Last night, the NFWI and the Prison Reform Trust joined forces once again to host a Care Not Custody parliamentary reception in Westminster. I was joined by a number of my fellow WI members, and we had the pleasure of hearing from the Secretary of State for Health, Andrew Lansley MP, and Prisons Minister Crispin Blunt MP. Both Ministers reaffirmed the Government’s commitment to diverting people who are mentally ill from the justice system into treatment and care; and Crispin Blunt told the reception that the Government ‘greatly appreciate the role of the WI in raising the profile of this agenda’. He also told us that he knew the WI, and our partner organisations on this campaign, will be there to point out ‘when the government are getting things right, and when they are getting it wrong.’ He is quite right that we are very good at being the ‘itch you cannot scratch away’ and making sure the Government deliver on their promises. With Care Not Custody it will be no different, and we will keep a close eye on the governments’ plans.
We have also seen further success on the legal aid campaign. Following considerable government concessions in the Commons debates, the Lords, who debated the Bill yesterday, have made additional amendments on domestic violence. The WI welcomed the initial concessions made by the Government, but we felt these concessions could have gone further. One of our key concerns was that, although the Government had widened the evidence gateways for domestic violence victims accessing legal aid, these concessions only applied to women who had been admitted to a refuge. We know that the majority of women who experience domestic violence do not go into refuge, preferring to stay with friends and family, and access support in the community. Women’s Aid statistics show that of the 124,895 women who accessed their services in 2010, only 17,615 were admitted into refuge. The other key issue the Lords amendment addresses in the evidence timeframe; extending the timeframe from two years to six years. Again this is a welcome step, ensuring that many more women will be able to access legal aid.
The Bill will be debated again in the Commons this evening; we watch with bated breath!
Thursday, 19 April 2012
Last nights debate on the Legal Aid, Sentencing and Punishment of Offenders Bill in the Commons made for compelling watching. The tireless work of WI campaigners, who have been lobbying on this issue for over a year, came down to this moment. Last month the legal aid campaign secured a major success when the House of Lords voted through vital amendments to the Bill that would protect access to legal aid for victims of domestic violence. However as I watched the debates, I was all too aware that the good work done in the Lords could quickly become undone in the Commons.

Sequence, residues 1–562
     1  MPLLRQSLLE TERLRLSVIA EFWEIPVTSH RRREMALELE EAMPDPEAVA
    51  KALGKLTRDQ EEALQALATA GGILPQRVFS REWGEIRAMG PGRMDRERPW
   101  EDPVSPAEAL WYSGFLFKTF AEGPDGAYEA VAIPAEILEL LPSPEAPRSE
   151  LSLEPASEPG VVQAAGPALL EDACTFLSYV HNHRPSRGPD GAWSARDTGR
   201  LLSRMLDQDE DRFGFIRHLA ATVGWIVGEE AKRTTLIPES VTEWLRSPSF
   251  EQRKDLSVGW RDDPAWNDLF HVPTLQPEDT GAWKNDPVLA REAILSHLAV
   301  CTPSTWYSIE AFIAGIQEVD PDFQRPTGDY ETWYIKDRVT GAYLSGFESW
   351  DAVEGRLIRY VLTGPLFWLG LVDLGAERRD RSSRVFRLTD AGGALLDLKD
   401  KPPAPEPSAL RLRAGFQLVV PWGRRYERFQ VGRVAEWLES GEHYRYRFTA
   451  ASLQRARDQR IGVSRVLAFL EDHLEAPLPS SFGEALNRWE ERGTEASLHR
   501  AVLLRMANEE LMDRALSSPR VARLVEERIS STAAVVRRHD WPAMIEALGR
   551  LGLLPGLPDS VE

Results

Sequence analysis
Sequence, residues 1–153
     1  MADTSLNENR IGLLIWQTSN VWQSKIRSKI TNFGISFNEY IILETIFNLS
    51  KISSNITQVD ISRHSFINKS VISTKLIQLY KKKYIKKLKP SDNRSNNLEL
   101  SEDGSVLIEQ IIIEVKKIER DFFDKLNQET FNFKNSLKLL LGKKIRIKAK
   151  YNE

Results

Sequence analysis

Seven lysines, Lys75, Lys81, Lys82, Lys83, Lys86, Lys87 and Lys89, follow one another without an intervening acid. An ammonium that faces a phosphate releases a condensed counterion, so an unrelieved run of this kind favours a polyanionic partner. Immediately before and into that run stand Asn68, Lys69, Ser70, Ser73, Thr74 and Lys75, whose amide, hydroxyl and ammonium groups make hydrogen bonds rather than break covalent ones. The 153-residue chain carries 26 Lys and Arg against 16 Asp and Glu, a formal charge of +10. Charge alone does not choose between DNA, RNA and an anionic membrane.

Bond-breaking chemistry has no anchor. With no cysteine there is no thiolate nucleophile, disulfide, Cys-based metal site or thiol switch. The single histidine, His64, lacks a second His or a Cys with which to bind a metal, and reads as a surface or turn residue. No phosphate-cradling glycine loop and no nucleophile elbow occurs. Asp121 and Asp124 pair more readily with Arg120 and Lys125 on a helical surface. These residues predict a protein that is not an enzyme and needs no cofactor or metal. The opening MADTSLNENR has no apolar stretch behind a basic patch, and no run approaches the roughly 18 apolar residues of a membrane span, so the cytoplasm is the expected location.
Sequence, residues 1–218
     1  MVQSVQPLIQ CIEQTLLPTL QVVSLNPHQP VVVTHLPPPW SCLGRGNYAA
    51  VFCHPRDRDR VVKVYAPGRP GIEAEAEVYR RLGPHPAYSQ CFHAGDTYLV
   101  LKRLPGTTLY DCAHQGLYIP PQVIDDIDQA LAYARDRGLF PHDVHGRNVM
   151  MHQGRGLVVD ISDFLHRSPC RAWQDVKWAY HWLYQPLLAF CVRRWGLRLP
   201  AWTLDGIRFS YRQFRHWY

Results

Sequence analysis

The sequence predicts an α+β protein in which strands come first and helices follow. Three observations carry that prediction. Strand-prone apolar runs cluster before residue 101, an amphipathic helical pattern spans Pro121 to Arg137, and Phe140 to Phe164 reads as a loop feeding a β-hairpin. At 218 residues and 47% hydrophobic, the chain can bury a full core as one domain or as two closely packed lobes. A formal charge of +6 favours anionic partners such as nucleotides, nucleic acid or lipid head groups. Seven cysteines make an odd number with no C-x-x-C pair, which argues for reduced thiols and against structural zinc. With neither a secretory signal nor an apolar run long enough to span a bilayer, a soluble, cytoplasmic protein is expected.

In the end what we saw was a considerable compromise from the government; that will ensure that many more victims of domestic violence have access to legal aid. Our three main campaign ‘asks’; the inclusion of the cross-government definition in the Bill, the evidence gateways to be widened so women can use evidence from a wider range of professionals (for example a doctor, or a support worker) to access legal aid, and the removal of the twelve month time frame that applies to the evidence, were all addressed by government and significant changes were made.
The government committed to widening the evidence gateways to include a police caution, admission to a refuge, and evidence from a doctor or social services. They also extended the time frame that applies to the evidence gateways to two years. Finally they tabled their own amendment to include the cross-government definition of domestic violence in the Bill; something the WI has been asking for since the campaign first began.
These concessions will make a real difference; many more victims of domestic violence will be able to access legal aid as a result of these changes. Many thanks to all those members who ‘Paired up with a Peer’ and wrote to MPs, your tireless lobbying no doubt made a difference. Once again the WI has shown politicians that we are a force to be reckoned with!
Monday, 16 April 2012
I'm back on the road again today after ten days off, during which my son was married surrounded by the WI. Several of the guests are WI members, not to mention his sisters, cousin and aunt, as well as his grandmother, mother-in-law and mother! He can't get away from the WI just as many men are finding these days, with their women folk joining the WI in their thousands. It's never too late – or too early! – to join the WI.
At my own WI last week it was great to watch an expert demonstrate the art of jointing a chicken and then prepare chicken chasseur and chicken in a white wine, cream and tarragon sauce. Cookery has long been a forte of the WI; indeed the WI's own Cookery School can be found in Marcham right next to Abingdon in Oxfordshire. All types of courses are on offer here, not only to WI members but non members, gentlemen and sometimes children are welcome too. Recently, the making and icing of cupcakes have been discussed at many WI meetings – particularly with newer WIs. I don't know if Hebdon Bridge WI in the Yorkshire West Federation has embraced the cupcake in their first year of meeting, but I expect I shall find out this evening when I attend their first annual meeting. New WIs are springing up all over England and Wales proving yet again that the WI is many things, but it is definitely what its members make of it.